"I think most people at the Pentagon would prefer that very deliberate process over what we see now, where it’s not really clear how decisions are made," the official, who asked for anonymity as they were not cleared by their present employer to speak to the press, said. "I don’t know if anyone could go from the Pentagon to Congress to brief them on what the White House’s strategy is."
The last few weeks have seen the administration's "maximum pressure" campaign on Iran, which has included crippling economic sanctions and the movements of forces to the Middle East to deter attacks on US assets, ratcheted up even further as Tehran has begun to show a dwindling patience for the US's policies. Iran has been accused of sabotaging several tanker ships near the Strait of Hormuz and recently announced that it would begin to produce low-enrichment uranium beyond the limits of the 2015 Iran nuclear deal. Some analysts see the Iranian actions as a response to the US sanctions, which were put into place last year after the Trump administration unilaterally withdrew from the deal.
By all accounts, the run-up to the decision to attack Iranian military assets was contentious inside the administration. National security adviser John Bolton, Secretary of State Mike Pompeo, and CIA Director Gina Haspel were all reportedly in favor of the attack. Pompeo has been particularly public with his advocacy, warning that any US service member's death because of an attack by Iran or one of its proxies would provoke a response.
On the other side, less certain about the mission, were the Joint Chiefs of Staff and the president himself. Trump has been a vocal critic of the Iranian regime for years but campaigned hard on keeping the United States from going to war in the Middle East yet again.
Danielle Pletka, the senior vice president for foreign and defense policy studies at the American Enterprise Institute, said in a phone interview with BuzzFeed News that any observer "watching what’s happening doesn’t understand how the president is thinking about the challenge of Iran, except to understand that his main aim is to get the Iranians back to the negotiating table."
(Sen. Lindsey Graham, a longtime supporter of confronting Iran, meanwhile, told the Washington Post that the Iranians are the ones "trying to break our will and intimidate us to come to the negotiating table.")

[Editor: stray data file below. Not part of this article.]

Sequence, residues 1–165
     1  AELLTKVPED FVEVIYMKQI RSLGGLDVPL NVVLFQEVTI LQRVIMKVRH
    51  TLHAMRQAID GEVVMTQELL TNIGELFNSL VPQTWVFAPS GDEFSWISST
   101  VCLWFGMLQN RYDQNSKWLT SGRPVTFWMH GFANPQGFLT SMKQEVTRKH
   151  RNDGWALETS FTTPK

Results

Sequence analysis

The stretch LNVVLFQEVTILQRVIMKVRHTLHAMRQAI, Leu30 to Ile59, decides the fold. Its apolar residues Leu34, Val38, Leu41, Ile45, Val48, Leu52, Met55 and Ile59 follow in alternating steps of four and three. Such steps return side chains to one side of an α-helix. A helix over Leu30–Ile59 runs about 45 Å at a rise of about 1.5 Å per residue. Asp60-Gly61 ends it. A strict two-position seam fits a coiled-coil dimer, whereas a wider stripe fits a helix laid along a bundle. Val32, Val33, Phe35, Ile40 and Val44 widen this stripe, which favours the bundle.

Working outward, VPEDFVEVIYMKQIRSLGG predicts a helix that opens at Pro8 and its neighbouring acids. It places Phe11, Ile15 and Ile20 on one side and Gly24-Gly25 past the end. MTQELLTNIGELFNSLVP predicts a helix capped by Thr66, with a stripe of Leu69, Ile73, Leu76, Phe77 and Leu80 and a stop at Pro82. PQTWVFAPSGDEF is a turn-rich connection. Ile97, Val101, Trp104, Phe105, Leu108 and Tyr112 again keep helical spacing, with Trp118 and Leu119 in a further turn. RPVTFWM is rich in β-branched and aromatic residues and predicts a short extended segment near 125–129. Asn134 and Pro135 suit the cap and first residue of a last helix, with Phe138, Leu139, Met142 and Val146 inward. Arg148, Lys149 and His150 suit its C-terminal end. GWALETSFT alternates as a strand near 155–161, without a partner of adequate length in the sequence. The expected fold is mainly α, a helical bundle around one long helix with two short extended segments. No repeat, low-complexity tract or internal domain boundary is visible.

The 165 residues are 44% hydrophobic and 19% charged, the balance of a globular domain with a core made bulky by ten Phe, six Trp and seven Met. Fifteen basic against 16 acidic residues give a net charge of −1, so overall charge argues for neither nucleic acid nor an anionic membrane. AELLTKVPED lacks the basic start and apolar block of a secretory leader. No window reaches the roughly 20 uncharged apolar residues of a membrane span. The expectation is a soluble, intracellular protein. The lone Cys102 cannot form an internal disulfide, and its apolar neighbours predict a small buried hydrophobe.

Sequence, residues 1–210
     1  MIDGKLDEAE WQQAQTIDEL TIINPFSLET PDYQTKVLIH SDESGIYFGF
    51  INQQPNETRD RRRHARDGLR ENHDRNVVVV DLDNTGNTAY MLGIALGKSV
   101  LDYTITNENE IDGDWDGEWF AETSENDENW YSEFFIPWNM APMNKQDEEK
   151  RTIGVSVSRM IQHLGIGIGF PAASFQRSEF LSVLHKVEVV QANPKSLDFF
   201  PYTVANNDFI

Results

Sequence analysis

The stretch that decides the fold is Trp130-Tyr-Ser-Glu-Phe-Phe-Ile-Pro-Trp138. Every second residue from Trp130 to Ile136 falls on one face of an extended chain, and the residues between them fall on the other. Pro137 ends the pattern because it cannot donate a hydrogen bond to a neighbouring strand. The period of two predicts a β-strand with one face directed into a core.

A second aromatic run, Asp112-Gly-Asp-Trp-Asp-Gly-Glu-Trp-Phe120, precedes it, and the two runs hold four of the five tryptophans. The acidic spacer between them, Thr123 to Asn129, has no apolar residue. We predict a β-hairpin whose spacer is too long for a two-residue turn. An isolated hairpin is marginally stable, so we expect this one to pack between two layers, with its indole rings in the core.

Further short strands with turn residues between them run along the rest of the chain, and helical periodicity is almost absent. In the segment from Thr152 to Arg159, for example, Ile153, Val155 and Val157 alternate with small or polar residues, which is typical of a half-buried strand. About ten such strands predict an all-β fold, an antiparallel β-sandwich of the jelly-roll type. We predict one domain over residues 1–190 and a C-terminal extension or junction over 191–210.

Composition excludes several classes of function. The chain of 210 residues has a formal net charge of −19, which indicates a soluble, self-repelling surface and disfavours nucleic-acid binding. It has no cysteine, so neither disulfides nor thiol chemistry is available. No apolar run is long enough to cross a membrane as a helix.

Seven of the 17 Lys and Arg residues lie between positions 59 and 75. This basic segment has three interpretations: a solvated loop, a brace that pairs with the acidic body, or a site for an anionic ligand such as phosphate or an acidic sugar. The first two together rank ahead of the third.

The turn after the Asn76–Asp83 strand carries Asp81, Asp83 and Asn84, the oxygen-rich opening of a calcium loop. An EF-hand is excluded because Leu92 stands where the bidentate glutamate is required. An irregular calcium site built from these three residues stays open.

"The lack of clarity is the biggest problem, because at the end of the day, it is completely unclear what the president’s endgame is here," Pletka said. "What is the endgame? Is he about deterring the Iranians? And if not, what is he allowing to go unpunished? A direct attack on American resources."
"The process has been entirely incoherent from the beginning," she said.
That uncertainty, while concerning to US citizens, is likely even more inscrutable to the Iranians and could lead to a misunderstanding that escalates the crisis. While an Iranian official told Reuters that Trump had passed on a message through Oman warning that a strike was coming if Tehran didn't come to the table to talk, both the US and Iran pushed back against that reporting on Friday.
"The Iranians are fully aware of the strategic confusion of this administration and have tried to take advantage of it," Ali Vaez, the head of the International Crisis Group's Iran Project, told BuzzFeed News in an email. "But in the President's unpredictability lies a major risk of miscalculation for Tehran."
"The fact that the President mobilized US forces but didn't pull the trigger, might in his eyes have sent a strong message of deterrence to Tehran, whereas it could have given credence to the Iranian view that Trump's aversion to another war in the Middle East gives them plenty of space to move back against Washington's maximum pressure strategy," Vaez continued.
Nonetheless, there are still reports that the strike may proceed as planned on Friday evening. If so, what can be certain is that the Iranian response won't be long in coming. What the United States chooses to do after that? That's a bit harder to answer.
Gina Haspel's name was misspelled in an earlier version of this post.